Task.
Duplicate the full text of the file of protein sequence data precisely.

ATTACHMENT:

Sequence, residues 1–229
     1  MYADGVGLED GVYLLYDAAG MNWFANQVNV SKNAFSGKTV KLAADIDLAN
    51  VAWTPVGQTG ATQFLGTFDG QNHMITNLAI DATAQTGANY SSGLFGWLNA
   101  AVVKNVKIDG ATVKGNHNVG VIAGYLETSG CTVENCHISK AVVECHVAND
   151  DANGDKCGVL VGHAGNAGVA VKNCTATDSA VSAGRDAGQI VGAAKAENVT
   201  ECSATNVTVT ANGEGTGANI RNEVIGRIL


Sequence, residues 1–229
     1  MYADGVGLED GVYLLYDAAG MNWFANQVNV SKNAFSGKTV KLAADIDLAN
    51  VAWTPVGQTG ATQFLGTFDG QNHMITNLAI DATAQTGANY SSGLFGWLNA
   101  AVVKNVKIDG ATVKGNHNVG VIAGYLETSG CTVENCHISK AVVECHVAND
   151  DANGDKCGVL VGHAGNAGVA VKNCTATDSA VSAGRDAGQI VGAAKAENVT
   201  ECSATNVTVT ANGEGTGANI RNEVIGRIL